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New research shows automatic braking doesn't always work

New report says automatic braking in newer vehicles doesn't always work
New report says automatic braking in newer vehicles doesn't always work 01:51

PHILADELPHIA (CBS) -- It sounds like a great idea -- technology that can hit the brakes in your car even if you fail to. About 90% of new vehicles have automatic braking, but according to a new report, it doesn't always work.

Test video from AAA shows how automatic emergency braking can prevent a rear-end accident.

The feature uses cameras and sensors to detect a vehicle.

"It will apply the brakes if the driver does not," Megan McKernan, group manager of automotive services at AAA, said.

McKernan was part of the research that tested vehicles from four automakers.

"We found at 30 miles an hour, 85% of the time the vehicle either came to a complete stop or significantly mitigated the speed," she said.

But when the speed was increased to 40 mph, the cars stopped only 30% of the time.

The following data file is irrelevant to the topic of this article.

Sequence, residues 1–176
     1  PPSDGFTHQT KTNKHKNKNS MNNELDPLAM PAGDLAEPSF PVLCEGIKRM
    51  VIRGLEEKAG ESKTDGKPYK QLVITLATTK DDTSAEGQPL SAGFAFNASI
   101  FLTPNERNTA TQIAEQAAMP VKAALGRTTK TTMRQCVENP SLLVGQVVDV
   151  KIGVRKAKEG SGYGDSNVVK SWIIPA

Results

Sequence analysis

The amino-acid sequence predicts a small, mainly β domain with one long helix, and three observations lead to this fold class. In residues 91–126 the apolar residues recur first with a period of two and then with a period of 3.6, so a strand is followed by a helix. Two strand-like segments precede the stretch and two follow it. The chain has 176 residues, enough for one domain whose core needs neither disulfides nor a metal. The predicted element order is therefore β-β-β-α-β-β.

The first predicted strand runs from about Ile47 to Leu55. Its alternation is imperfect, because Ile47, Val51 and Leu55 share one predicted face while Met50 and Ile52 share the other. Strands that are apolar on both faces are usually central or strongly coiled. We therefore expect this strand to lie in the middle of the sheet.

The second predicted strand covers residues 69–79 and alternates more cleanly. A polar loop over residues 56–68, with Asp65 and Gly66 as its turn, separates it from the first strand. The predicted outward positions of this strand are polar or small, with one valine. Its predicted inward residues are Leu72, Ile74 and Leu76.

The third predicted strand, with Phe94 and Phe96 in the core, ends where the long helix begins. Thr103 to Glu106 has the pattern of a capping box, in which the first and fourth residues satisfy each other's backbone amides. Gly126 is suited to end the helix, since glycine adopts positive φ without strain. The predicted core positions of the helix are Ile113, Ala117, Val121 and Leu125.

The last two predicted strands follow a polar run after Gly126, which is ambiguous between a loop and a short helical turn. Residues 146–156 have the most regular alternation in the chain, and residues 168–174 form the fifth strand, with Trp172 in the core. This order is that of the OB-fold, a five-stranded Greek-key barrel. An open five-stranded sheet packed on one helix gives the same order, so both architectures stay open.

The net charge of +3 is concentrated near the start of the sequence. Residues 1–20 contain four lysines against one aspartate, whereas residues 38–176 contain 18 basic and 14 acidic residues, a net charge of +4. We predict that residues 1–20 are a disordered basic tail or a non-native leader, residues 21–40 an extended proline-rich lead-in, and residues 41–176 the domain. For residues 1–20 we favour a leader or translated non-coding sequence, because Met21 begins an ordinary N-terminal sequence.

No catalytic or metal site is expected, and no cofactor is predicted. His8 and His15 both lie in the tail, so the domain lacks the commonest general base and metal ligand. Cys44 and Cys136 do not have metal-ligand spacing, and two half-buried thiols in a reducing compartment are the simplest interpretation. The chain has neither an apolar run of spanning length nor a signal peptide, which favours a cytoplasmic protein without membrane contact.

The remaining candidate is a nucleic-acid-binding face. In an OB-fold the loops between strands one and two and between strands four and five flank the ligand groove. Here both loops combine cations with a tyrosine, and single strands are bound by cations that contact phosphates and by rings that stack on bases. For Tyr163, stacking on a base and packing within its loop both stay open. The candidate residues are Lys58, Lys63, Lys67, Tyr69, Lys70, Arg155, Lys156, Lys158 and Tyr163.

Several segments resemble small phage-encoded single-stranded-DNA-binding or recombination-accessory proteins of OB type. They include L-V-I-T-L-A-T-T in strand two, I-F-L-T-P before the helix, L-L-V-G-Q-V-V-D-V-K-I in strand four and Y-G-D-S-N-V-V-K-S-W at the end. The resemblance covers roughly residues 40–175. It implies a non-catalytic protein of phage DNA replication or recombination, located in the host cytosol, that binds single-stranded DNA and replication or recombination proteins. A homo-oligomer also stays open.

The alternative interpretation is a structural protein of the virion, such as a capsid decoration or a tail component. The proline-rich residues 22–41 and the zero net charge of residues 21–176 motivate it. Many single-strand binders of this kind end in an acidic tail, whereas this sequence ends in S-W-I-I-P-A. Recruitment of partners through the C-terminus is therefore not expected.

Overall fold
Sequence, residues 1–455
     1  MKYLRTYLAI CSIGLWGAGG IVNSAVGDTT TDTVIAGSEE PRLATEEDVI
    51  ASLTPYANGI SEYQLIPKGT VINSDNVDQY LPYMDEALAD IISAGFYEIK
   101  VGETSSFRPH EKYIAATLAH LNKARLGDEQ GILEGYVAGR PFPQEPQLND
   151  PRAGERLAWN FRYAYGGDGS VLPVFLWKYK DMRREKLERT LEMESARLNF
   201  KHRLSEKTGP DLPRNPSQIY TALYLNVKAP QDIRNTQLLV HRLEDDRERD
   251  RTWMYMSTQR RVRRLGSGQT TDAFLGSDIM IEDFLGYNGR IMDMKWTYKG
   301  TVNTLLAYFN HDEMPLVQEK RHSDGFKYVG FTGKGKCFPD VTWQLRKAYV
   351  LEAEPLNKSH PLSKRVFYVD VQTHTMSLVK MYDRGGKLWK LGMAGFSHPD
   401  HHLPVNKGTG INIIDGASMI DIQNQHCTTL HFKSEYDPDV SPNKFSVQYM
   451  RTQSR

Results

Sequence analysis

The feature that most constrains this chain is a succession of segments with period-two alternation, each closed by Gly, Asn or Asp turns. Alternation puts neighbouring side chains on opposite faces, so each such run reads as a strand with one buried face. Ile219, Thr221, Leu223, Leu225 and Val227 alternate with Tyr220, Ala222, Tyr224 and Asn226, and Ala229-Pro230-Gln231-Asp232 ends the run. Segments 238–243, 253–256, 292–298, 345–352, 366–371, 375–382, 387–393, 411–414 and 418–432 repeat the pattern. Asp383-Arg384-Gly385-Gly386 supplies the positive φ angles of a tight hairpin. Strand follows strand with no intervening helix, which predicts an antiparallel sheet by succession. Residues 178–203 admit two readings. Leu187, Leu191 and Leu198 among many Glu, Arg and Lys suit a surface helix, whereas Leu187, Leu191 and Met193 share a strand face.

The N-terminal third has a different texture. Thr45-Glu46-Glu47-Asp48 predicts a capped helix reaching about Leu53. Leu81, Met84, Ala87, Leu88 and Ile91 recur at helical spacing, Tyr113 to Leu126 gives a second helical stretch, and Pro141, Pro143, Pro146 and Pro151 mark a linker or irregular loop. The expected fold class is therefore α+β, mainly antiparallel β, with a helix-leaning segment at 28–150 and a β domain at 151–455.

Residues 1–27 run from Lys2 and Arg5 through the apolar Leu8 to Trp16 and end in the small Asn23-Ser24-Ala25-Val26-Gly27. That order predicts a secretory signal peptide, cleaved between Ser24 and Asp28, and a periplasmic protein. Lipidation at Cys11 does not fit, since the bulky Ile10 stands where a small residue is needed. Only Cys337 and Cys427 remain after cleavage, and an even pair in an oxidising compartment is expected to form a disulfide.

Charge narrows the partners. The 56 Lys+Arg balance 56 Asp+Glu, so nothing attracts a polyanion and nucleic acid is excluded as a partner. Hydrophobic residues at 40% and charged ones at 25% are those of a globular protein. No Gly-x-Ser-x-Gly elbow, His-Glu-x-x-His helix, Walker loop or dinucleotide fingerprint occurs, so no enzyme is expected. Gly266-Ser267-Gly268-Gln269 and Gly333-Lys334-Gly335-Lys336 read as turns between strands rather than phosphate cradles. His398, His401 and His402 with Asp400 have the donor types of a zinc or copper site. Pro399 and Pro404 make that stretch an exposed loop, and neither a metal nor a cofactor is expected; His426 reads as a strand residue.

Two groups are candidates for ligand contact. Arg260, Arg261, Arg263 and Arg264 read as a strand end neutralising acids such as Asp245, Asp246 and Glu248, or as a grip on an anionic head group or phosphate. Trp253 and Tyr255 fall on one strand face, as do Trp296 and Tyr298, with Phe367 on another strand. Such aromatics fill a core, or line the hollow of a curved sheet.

When researchers looked at left-hand turns, every vehicle failed to stop.

The same was true when the cars encountered another vehicle in an intersection. In every test, there was a crash.

The Insurance Institute for Highway Safety recently tested 23 vehicles approaching a pedestrian at night. Only four received a superior rating.

"About half of the vehicles received either no credit or a basic credit rating, which is our bottom two ratings," David Harkey, president of the Insurance Institute for Highway Safety, said.

Despite the results, experts support the technology.

"AAA is definitely an advocate of this feature," McKernan said, "and we just want to see automakers continue to refine and improve the systems."

McKernan says it's important to remember these systems have limitations, and drivers must always stay alert.

The research also showed that automatic braking not only struggles at higher speeds but also in the dark.

At the end of the day, you must be aware of your surroundings.

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